Have you ever stopped to think about the importance of customer service? It is one of those things that doesn’t seem to matter much until you have a problem. What’s amazing is the lengths some companies will go to in order to convince you that their customer service is excellent, only to find out the opposite is true when you finally have an issue.
I recently had an issue with the customer service department at a big box store that shall remain nameless, but let’s just say the experience left me feeling like I was the TARGET of some kind of cruel joke. I purchased a set of Legos from this retailer, which was on sale and the last one at that particular store. When I got the set home, it was missing over 60% of the pieces. I called another one of this retailer’s stores that still had them in stock, explained the situation, and was told I could come in and exchange the Lego set. To make an extremely long and frustrating story short, I was bounced between two different locations repeatedly by this retailer’s employees and was told I could not exchange it because the second store was charging more for the item. I was told my only recourse was to call Guest Services the next day.
So I did. I was sure that this retailer cared enough about the experience of its customers and would immediately attempt to make things right. But after spending 45 minutes on the phone with guest services and speaking with a rep in one country and a supervisor in another, I was told that the only real recourse I had was to write a letter and mail it to corporate headquarters. Keep in mind that all I wanted to do was exchange an incomplete item for a complete one.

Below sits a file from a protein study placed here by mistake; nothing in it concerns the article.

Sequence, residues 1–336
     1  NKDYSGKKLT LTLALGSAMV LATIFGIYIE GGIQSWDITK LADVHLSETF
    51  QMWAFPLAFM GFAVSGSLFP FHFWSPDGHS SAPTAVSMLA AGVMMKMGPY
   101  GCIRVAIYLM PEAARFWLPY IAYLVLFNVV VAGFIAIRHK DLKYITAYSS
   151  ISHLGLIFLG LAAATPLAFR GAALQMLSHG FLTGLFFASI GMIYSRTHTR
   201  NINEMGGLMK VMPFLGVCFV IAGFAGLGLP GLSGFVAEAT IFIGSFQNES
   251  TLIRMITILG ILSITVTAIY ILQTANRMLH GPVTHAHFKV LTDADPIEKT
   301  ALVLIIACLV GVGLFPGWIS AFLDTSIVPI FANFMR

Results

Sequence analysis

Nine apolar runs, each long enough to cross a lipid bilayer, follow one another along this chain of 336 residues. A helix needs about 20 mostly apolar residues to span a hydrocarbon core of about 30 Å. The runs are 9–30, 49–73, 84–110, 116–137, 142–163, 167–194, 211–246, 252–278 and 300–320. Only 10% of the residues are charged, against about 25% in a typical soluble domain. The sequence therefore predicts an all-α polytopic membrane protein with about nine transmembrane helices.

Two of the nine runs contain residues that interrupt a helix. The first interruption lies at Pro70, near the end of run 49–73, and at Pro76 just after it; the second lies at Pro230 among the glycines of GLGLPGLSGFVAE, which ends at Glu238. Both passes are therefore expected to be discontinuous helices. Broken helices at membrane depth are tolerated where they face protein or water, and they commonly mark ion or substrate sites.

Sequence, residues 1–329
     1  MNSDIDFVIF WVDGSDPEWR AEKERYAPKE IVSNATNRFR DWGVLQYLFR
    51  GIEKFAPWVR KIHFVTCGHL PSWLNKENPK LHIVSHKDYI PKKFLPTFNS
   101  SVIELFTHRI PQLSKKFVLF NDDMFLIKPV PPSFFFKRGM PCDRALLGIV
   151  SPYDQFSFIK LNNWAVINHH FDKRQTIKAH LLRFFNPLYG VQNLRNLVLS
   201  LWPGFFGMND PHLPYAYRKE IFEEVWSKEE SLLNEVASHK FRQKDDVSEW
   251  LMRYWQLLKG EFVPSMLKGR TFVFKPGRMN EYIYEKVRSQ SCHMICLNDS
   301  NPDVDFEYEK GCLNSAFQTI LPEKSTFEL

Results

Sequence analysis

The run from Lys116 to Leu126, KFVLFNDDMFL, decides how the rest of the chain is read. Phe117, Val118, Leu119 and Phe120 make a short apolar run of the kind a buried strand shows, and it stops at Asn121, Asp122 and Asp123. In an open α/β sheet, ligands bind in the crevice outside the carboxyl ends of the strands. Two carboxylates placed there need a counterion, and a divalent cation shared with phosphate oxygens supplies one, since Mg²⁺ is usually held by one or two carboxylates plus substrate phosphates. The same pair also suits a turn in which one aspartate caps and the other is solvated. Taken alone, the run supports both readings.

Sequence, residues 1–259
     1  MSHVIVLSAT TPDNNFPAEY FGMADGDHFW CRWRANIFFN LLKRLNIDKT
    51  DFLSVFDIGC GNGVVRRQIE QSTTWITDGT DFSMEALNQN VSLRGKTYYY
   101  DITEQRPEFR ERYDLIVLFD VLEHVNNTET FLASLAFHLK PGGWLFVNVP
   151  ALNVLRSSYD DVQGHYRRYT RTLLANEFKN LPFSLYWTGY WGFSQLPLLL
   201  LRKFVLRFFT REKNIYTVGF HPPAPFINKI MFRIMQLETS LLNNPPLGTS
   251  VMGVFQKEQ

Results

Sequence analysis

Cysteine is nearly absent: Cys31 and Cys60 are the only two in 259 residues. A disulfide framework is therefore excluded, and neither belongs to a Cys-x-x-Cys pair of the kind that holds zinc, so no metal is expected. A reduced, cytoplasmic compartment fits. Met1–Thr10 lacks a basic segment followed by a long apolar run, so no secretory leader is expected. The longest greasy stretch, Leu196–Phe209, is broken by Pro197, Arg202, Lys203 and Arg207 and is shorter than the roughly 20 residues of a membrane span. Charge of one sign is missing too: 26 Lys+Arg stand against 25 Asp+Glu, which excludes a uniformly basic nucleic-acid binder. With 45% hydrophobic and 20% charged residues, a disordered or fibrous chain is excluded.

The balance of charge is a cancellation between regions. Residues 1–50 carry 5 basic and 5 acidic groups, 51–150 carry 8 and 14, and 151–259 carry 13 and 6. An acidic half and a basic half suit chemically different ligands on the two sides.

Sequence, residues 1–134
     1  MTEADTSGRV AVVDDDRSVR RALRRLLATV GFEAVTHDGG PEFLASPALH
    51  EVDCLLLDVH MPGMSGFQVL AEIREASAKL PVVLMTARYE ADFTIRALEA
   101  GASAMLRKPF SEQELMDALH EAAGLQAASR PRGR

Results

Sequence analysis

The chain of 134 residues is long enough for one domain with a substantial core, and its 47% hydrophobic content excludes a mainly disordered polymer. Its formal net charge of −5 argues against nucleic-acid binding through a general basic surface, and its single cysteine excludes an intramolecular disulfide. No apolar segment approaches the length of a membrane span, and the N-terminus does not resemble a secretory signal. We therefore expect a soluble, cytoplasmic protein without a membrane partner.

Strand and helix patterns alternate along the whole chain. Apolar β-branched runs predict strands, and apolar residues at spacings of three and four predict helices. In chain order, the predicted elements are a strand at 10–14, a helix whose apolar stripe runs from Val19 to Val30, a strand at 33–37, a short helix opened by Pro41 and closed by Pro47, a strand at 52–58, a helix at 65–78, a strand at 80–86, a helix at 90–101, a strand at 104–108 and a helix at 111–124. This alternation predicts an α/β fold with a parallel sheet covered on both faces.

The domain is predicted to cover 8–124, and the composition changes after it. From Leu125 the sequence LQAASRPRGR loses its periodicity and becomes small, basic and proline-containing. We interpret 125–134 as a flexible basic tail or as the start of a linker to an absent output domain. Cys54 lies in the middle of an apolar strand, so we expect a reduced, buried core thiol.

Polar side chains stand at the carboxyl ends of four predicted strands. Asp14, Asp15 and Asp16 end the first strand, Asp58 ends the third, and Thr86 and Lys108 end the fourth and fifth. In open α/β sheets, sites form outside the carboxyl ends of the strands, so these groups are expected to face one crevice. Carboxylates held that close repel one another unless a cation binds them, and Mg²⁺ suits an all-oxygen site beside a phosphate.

So I decided that I would call Lego directly and see if they could help me get the missing pieces. From the moment the Lego rep answered the phone, I felt as if she actually cared about my frustration. I explained to her that I was certain that this was not a problem at their factory, but rather more likely someone taking pieces out of the box and returning the item. The rep explained to me that I was correct since it’s nearly impossible for a box to leave their factory missing that many pieces seeing as each Lego set is weighed before it’s shipped. She also said that it was unacceptable for me as a consumer to have deal with the trouble the retailer was putting me through. She apologized for all the frustration I had with the big box retailer and said she was going to do everything she could to make things right.
That was the end of it. No need for a supervisor and no assumption that I was trying to pull one over on her. She showed genuine concern for me and my family. She knew that I did not blame Lego for this, but she still wanted to make sure that neither I nor my children were disappointed and was willing to do whatever it took to make things right. If one employee at the big box store had shown even a tenth of the concern the Lego rep did, I would not be as upset. But apparently the retailer felt it was better to treat me as if I had been the one who stole the pieces out of the box. I was asking for an identical replacement! It would make no sense to ask for that if I had already taken out the pieces I already wanted.
The customer service that Lego provided is the kind of customer service that turns consumers into advocates. There is plenty of competition out there and price doesn’t really separate the retailers as much anymore, but customer service does. While I will be shopping at a different big box store, I will only be buying one brand of building blocks.
Do you have your own customer service horror story? Or perhaps a story about really good customer service. Share with us, we’d love to hear it!
Paid search marketing provides one of the most cost effective ways to market a small business, so how come many small businesses are not seeing success with paid search? The answer to that question is complex. However, there are clear overall themes that explain why some small businesses don’t succeed while others do.